Secrets of the Sea: The Story of Jeanne Power, Revolutionary Marine Scientist

The curiosity, drive, and perseverance of the nineteenth century woman scientist who pioneered the use of aquariums to study ocean life are celebrated in this gorgeous, empowering picture book.How did a nineteenth century dressmaker revolutionize science? Jeanne Power was creative: she wanted to learn about the creatures that swim beneath the ocean waves, so she built glass tanks and changed the way we study underwater life forever. Jeanne Power was groundbreaking: she solved mysteries of sea animals and published her findings at a time when few of women’s contributions to science were acknowledged. Jeanne Power was persistent: when records of her research were lost, she set to work repeating her studies. And when men tried to take credit for her achievements, she stood firm and insisted on the recognition due to her.Jeanne Power was inspiring, and the legacy of this pioneering marine scientist lives on in every aquarium.

A History of the Vampire in Popular Culture: Love at First Bite

Our enduring love of vampires the bad boys (and girls) of paranormal fantasy has persisted for centuries. Despite being bloodthirsty, heartless killers, vampire stories commonly carry erotic overtones that are missing from other paranormal or horror stories.Even when monstrous teeth are sinking into pale, helpless throats especially then vampires are sexy. But why? In A History Of The Vampire In Popular Culture, author Violet Fenn takes the reader through the history of vampires in 'fact' and fiction, their origins in mythology and literature and their enduring appeal on tv and film. We'll delve into the sexuality and sexism of vampire lore, as well as how modern audiences still hunger for a pair of sharp fangs in the middle of the night.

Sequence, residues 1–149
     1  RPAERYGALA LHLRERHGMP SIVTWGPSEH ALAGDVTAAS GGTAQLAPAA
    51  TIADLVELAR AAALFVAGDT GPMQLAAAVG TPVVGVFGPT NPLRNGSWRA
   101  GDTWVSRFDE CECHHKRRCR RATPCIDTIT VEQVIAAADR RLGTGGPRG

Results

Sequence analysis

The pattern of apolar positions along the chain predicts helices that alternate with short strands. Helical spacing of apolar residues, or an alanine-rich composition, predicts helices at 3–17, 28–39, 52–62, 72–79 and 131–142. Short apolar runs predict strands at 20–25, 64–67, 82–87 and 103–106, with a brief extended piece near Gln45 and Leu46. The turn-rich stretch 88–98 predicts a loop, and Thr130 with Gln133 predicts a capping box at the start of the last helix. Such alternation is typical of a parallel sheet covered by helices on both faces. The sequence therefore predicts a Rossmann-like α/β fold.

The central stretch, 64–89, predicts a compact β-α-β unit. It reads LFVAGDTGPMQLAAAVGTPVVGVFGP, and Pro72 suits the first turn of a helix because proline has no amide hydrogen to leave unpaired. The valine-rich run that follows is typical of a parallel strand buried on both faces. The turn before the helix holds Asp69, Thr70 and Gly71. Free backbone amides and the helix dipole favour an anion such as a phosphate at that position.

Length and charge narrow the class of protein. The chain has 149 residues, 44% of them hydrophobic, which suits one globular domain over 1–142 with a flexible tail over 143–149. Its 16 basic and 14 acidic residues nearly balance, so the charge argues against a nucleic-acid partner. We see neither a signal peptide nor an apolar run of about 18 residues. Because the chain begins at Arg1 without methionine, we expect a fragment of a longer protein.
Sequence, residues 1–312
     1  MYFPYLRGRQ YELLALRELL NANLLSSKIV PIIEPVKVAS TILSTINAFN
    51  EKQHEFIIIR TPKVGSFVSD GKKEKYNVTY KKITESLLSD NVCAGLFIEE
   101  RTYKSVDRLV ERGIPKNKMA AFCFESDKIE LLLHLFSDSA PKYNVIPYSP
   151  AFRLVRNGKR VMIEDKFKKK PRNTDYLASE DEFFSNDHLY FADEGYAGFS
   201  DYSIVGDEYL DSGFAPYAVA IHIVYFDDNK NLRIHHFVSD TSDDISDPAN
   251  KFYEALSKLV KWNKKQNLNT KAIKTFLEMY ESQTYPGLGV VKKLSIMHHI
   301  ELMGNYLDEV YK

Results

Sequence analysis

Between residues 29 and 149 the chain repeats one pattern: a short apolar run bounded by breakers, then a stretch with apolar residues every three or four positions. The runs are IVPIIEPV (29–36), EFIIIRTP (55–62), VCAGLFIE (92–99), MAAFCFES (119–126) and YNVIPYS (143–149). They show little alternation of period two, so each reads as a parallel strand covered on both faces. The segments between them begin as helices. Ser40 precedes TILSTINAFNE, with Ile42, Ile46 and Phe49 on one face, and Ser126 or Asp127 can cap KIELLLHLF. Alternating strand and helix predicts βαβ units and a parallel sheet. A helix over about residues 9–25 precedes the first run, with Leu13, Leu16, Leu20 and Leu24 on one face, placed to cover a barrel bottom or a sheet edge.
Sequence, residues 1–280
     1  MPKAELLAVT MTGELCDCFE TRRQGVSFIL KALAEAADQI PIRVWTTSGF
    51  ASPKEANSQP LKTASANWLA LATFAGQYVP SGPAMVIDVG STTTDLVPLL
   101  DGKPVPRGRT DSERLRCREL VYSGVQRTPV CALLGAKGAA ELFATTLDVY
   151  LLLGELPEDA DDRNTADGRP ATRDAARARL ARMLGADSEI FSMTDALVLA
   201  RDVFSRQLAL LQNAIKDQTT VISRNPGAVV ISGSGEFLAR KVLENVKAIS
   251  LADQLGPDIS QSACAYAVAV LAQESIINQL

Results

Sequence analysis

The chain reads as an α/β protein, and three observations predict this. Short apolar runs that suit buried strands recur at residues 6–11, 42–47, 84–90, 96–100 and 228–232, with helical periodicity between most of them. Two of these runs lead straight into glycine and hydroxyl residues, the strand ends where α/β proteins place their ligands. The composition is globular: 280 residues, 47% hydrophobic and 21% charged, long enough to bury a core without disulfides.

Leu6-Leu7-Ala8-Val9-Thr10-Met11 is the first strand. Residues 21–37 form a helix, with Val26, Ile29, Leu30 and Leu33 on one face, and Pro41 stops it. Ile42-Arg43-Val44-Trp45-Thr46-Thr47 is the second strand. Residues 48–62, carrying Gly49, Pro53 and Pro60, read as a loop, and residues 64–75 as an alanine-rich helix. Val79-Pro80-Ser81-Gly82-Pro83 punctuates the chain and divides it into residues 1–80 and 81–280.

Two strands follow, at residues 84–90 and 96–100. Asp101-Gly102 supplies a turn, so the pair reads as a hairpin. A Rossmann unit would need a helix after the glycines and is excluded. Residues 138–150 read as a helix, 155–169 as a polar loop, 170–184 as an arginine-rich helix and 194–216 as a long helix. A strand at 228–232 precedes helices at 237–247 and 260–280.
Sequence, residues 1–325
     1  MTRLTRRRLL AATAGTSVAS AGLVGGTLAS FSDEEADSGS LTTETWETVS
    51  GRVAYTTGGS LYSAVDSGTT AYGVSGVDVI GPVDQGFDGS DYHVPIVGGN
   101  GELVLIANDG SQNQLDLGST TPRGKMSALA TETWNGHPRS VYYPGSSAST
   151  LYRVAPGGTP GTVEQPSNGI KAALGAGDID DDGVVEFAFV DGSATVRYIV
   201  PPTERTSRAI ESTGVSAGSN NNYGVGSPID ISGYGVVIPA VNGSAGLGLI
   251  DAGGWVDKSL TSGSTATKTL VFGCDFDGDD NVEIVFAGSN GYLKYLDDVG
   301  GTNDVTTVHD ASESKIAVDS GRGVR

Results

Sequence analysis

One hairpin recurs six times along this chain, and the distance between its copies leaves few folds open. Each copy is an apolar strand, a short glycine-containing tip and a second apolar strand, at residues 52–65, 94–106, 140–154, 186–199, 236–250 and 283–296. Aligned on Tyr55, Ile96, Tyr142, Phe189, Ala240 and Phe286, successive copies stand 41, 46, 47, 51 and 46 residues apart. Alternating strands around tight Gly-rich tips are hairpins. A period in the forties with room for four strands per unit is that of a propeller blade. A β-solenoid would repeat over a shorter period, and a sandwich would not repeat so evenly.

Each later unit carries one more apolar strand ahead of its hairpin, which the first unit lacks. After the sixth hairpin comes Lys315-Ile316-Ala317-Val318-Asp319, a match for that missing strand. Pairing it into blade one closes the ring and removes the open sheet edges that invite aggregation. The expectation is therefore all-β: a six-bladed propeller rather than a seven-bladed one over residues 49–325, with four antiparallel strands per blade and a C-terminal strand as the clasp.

June Almeida, Virus Detective!: The Woman Who Discovered the First Human Coronavirus

From an early age in Glasgow, Scotland, June Almeida loved learning about science and nature. A good student, she was especially interested in biology and won the top science prize at her school. Creative and observant, June noticed details that others often missed. She dreamed of attending university but economic hardships caused her to leave school at age 16. Still, June was determined to pursue her passion for science. She was hired by a local hospital to work in its lab, using a microscope to magnify and examine cells. Her work helped doctors treat patients. June later worked in labs in London and in Toronto. Her skill in using the electron microscope to examine cells and help identify viruses earned her promotion and respect in the science community. When June was 34 years old, she discovered the first human coronavirus. Her groundbreaking work continues to help researchers today in the fight against illnesses caused by viruses, including COVID 19.